That's called American syndrome. "Yea! Let's all stand up to the gov!"... * waits for someone else to do it first

So does it mean that I shouldn't say anything about that issue? Does it mean that you should not support the protesters in Ukraine if you are not Ukrainian, because you have no intention of participating?

Also - this is Hacker News, not Hacker News USA, so if something is important enough that it's brought to the attention of the worldwide population, then that population should be able to voice their opinion on the matter.

The comment about Time Warner Cable was the best part of this article:

"I'm going to write "Blue Sky" on checks sent to Time Warner Cable so they can never take online payments from anybody."

You mean to Comcast?

Do you mean AmeriCommunicationsMonoploy Co?

Thanks, I was worried we’d have no Reddit-style threads mucking up an actual discussion. Then you swooped in! Thanks!

Average American Conglomerate, LTD.

The Umbrella Corporation

"Hey, let's give wide, blunt political power to a bunch of un-elected functionaries, then we can start automating whatever their desires are! What could go wrong?"

And so we're going to end up with a government like Google, where people come to HN to beg for attention just so they can be treated like a human being.

I think it's time we just all acknowledge that the U.S. has the most onerous and insane financial laws in the world. The only reason other countries put up with them is because the U.S. is the sole remaining superpower.

There really needs to be some kind of correction here, but I don't see it happening anytime soon.

EDIT: Just to be clear, I am specifically referring to the Treasury Department handling of overseas payments and expats living abroad, not internal tax or financial regulations. There's a lot out there Google if you want to go look for it, including how various countries have protested being forced to comply with U.S. law, expats giving up citizenship at record rates (though still small in the grand scheme of things), and so on.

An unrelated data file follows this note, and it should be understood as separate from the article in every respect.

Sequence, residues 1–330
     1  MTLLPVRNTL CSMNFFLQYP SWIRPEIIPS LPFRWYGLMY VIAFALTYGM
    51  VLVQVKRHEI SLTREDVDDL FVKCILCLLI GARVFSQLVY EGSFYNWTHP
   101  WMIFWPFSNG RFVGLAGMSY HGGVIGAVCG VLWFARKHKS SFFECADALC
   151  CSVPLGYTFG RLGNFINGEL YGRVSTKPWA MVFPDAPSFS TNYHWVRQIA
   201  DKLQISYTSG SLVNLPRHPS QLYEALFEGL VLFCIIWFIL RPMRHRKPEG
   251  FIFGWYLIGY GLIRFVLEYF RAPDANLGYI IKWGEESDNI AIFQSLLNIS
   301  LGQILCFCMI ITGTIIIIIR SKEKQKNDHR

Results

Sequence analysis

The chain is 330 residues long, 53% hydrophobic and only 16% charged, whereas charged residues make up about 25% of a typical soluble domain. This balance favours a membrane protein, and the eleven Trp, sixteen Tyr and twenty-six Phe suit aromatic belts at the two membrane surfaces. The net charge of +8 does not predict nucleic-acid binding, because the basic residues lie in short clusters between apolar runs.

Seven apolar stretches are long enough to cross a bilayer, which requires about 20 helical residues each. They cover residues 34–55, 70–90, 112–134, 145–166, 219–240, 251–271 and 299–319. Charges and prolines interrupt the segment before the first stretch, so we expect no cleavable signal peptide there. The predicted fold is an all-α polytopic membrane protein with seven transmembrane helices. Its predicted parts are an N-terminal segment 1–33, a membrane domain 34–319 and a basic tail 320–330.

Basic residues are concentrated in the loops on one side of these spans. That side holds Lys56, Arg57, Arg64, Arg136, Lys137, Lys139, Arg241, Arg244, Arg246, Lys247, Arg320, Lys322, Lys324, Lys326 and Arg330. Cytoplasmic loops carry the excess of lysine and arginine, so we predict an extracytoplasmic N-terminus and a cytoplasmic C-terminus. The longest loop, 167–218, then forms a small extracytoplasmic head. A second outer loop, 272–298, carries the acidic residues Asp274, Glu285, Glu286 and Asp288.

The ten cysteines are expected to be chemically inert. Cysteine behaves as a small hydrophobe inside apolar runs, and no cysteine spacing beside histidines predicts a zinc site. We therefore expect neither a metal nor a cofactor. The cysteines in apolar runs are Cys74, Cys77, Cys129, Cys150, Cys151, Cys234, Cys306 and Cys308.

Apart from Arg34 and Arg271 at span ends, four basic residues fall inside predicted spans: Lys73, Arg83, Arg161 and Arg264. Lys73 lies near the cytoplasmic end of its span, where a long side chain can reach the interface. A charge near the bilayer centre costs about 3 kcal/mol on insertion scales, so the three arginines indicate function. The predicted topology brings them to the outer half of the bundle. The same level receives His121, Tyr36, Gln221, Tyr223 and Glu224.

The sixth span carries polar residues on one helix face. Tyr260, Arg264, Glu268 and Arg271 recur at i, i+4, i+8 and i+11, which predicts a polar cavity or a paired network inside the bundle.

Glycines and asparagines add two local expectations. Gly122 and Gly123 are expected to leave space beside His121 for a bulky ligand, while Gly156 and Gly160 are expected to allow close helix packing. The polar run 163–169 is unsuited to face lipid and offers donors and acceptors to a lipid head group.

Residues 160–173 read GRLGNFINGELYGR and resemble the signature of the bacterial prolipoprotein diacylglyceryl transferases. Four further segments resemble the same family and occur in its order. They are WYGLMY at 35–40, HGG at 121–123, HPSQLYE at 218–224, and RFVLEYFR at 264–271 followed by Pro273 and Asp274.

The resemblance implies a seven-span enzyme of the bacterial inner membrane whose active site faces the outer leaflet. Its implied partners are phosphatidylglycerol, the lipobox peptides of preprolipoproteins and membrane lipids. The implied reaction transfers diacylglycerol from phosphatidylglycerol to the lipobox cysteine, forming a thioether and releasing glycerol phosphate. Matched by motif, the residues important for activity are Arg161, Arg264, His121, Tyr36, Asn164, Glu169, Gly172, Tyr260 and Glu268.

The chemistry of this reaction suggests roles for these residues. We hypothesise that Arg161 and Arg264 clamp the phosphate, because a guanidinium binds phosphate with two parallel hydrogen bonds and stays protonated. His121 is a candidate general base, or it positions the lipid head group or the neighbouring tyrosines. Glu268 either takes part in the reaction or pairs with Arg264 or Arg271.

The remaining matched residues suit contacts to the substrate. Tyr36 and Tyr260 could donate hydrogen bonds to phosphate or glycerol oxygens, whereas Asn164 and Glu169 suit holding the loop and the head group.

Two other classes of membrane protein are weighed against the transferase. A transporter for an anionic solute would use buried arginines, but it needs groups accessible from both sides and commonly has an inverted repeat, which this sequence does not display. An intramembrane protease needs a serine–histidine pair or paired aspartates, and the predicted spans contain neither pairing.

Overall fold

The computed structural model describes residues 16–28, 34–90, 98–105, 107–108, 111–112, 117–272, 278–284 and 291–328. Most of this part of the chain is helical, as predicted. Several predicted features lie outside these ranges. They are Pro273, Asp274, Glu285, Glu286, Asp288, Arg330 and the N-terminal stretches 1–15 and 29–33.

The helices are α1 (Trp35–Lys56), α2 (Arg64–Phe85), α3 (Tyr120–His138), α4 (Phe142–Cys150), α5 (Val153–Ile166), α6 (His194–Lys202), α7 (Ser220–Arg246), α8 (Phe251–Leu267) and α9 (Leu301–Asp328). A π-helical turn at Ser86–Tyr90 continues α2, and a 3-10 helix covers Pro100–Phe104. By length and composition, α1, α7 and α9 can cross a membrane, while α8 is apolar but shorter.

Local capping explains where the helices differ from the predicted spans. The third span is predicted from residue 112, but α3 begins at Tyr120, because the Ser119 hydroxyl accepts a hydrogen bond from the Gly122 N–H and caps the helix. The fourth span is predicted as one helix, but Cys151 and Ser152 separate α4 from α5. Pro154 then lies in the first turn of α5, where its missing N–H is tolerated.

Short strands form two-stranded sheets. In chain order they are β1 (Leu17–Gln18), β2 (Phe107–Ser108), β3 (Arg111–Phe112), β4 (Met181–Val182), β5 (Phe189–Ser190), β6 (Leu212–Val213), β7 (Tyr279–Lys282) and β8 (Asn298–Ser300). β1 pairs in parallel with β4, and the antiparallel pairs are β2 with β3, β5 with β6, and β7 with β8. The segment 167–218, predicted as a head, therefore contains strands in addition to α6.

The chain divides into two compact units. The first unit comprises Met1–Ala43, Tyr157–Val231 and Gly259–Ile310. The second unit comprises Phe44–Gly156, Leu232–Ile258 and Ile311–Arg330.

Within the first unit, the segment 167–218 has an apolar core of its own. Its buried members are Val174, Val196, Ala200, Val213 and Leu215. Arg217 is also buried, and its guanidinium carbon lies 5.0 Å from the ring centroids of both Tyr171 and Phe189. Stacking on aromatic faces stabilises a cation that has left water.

"I think it's time we just all acknowledge that the U.S. has the most onerous and insane financial laws in the world. The only reason other countries put up with them is because the U.S. is the sole remaining superpower."

I'm gonna guess you don't have a whole lot of stamps on your passport.

I'm an expat with a relatively large number of stamps on my passport, and I have loads of trouble anytime I try to open a new bank account or do anything remotely 'weird' with international banking.

"I think it's time we just all acknowledge that the U.S. has the most onerous and insane financial laws in the world."

You should really repeat this to an italian (italian born in Italy, speaking italian as his first language, not italian born in New York) entrepreneur.

But please record a video then share it. I'd really like to see their face :D

This is of course anecdotal:

I just so happen to have spoken with a practicing Italian banker (in English), practicing financial professionals from several other Anglophone nations, and from Germany as well. (these conversations were friendly and not professional in nature - I was not seeking their services, should any future Treasury/IRS folks be reading this!)

Never have I once - ever - heard a single one of them suggest even for a second that there is any financial/economic system as heavily regulated, asinine, filled through with bizarre rules, and just overall insane as that found in the US.

Italy (and other EU) payment regulations are actually quite reasonable compared to USA.